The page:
Skift Take

Six Flags is expanding overseas and looking to grow in its own back yard while selling visitors on higher-priced passes, a strategy that shows the regional theme park operator is trying to cover all its bases.

Even as Six Flags Entertainment is making deals around the world, the regional theme park operator is looking to buy some assets closer to home.

During a call with analysts Wednesday, CEO Jim Reid-Anderson said the company wanted to accelerate a previously announced strategy to buy water parks and theme parks near properties it already owns. It acquired and rebranded two water parks, in California and Mexico, last year.

“There are dozens of parks within reasonable driving distance of our existing portfolio in the U.S., and these parks generate hundreds of millions of dollars of revenue,” he said. “As with the two recently acquired parks, we will seek to acquire water parks and theme parks at low prices and then realize substantial revenue and cost synergies.”

Part of the reason for adding nearby parks is to give attendees reasons to keep coming back — to upgrade from one-time visitors to season pass holders who have access to multiple parks, or members who pay more for extra benefits such as early entry, free photos, or food deals.

Six Flags, which has 20 theme and water parks around North America, recently started a new push for its membership program, adding four tiers that each cost a little more and offer extra benefits such as early admission, line skipping, parking, discounts, and more.

While the company has offered some type of membership for a few years, the progressive levels are new — as is the drive to sell visitors on a more costly membership.

“We’re laser focused on converting folks to membership, whether they’re single-day visitors or season pass holders,” Reid-Anderson said. “And so it is a company-wide, park- specific, detailed approach to make sure that whether it’s online or live in-park, we convert folks. And we have been seeing a noticeable change in the way that we have been converting members.”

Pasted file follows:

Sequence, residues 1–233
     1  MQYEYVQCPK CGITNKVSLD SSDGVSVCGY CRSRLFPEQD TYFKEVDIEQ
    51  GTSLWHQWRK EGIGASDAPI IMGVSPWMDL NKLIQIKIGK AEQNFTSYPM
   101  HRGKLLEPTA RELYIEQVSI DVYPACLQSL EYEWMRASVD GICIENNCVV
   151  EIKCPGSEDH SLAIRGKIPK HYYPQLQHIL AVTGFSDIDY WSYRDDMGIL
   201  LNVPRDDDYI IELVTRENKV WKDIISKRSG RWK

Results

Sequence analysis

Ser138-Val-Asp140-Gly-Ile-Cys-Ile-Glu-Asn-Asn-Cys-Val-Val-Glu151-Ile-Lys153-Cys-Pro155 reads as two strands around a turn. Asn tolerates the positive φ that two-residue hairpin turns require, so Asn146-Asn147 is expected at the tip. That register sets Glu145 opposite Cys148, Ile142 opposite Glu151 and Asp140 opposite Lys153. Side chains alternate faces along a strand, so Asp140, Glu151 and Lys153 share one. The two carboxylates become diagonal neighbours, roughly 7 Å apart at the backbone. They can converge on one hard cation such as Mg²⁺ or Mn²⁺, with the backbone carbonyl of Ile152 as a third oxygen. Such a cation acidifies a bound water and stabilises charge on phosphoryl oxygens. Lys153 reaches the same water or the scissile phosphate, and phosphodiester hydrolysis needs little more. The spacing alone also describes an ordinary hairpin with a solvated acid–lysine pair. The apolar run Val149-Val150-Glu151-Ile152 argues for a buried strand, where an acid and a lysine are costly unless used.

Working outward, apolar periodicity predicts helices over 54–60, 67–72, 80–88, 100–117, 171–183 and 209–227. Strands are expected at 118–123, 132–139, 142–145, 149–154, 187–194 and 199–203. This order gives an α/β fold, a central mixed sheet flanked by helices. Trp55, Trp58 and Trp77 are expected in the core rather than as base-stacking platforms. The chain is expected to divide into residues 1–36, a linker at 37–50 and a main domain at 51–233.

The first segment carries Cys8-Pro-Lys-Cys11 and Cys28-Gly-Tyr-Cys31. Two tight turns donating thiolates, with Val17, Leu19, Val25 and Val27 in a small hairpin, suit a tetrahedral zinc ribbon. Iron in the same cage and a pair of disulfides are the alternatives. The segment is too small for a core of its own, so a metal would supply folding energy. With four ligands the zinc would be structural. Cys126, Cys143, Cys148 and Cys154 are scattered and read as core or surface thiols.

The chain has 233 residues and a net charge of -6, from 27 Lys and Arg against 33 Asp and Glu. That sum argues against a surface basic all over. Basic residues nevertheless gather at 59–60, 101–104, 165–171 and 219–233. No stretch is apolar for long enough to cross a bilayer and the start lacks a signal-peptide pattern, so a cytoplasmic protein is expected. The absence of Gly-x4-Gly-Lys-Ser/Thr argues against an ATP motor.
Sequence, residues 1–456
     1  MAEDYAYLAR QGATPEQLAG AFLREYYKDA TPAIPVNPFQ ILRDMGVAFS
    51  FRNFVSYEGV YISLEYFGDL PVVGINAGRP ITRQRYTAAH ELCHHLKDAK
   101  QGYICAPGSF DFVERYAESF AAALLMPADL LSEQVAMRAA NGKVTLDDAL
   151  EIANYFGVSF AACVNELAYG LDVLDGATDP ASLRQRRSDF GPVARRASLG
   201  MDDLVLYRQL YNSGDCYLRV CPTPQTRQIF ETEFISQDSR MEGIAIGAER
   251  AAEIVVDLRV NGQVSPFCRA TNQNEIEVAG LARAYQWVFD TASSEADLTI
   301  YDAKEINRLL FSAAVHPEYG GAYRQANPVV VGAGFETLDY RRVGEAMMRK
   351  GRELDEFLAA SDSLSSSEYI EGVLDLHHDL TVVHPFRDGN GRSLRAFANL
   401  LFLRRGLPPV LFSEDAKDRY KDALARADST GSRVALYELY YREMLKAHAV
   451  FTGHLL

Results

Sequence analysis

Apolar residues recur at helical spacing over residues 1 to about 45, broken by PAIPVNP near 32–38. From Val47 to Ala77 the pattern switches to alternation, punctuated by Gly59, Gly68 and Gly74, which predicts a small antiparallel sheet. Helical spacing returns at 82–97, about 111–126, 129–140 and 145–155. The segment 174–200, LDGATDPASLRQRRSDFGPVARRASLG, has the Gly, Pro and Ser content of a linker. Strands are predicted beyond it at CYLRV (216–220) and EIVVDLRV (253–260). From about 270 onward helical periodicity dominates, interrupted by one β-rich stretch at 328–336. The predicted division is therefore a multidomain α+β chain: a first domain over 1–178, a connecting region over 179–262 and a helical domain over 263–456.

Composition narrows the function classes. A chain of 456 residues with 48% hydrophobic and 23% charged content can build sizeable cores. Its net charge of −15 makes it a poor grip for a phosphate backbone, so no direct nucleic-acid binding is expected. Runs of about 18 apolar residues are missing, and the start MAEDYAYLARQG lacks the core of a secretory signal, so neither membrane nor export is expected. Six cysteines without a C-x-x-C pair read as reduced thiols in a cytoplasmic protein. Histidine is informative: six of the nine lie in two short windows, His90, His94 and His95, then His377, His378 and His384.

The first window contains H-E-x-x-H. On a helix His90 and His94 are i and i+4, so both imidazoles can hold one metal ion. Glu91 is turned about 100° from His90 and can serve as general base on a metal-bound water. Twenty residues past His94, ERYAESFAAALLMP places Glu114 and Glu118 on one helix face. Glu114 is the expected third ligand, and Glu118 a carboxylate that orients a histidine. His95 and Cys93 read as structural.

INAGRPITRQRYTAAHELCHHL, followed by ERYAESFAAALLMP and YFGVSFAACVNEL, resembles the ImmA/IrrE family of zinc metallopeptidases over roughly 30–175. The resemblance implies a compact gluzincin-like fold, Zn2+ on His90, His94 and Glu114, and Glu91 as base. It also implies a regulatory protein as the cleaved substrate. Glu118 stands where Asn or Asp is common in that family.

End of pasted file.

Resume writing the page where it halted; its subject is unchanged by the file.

The California and Mexico theme parks that recently got nearby water parks turned those additions into record season pass sales, executives said.

Six Flags released its first-quarter earnings results late Tuesday but held the analyst call Wednesday morning. Revenue jumped 30 percent to $129 million and attendance was up 27 percent, but the company still reported a net loss of $62 million in a three-month stretch when most parks were not yet open.

The company also announced Tuesday that it was working with a partner to develop three more parks in China, bringing the total number of locations underway in that country to 10.

Reid-Anderson said he isn’t giving a number for how many parks he expects to have in China ultimately. But he said Six Flags and its partner, Riverside Investment Group, has more in mind due to the demographics of China and relatively low number of entertainment options there.

“So a regional strategy in China makes a lot of sense,” he said. “And we will not be stopping at 10 parks, I can assure you that, and our partner is very excited about being able to expand further with us.”

William Blair analyst Ryan Sundby asked about reports that China’s National Development and Reform Commission had expressed alarm about widespread theme park development and suggested stepped-up government regulation.

“Any kind of color or commentary there if that impacts you guys or how that can impact the industry overall?” he asked.

Reid-Anderson said that while there have been guidelines about development issued, there is no ban on new theme parks.

“They’re mostly focused on the real estate aspects of theme park development but also touch on enhanced theme park standards,” he said. “They’re not laws, but they do portend greater regulation of theme park development in line with what we have in North America or Europe or around the world generally.”

Reid-Anderson said Riverside has thus far been successful at navigating China’s regulations and will stay on track.

“And I think it’s really good to have regulations that makes sense,” he said. “So right now, barring some other decision that’s made, all our parks are progressing nicely towards their anticipated opening dates. And hence we’ve announced three more parks. We’re very confident.”

And beyond China, Reid-Anderson said, the rest of Asia, Saudi Arabia, and Latin America also hold potential for expansion.

“So I’m not going to comment and tell you we’re going to build X number of parks or identify partners, but we are working with multiple people and my sincere hope is that we can continue to make new announcements as we go forward,” he said.


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Tags: six flags, theme parks

Photo credit: Visitors ride a roller coaster at Six Flags St. Louis in this promotional photo. Parent company Six Flags Entertainment wants to buy theme and water parks within driving distance of its existing sites as one way to fuel growth. Six Flags St. Louis

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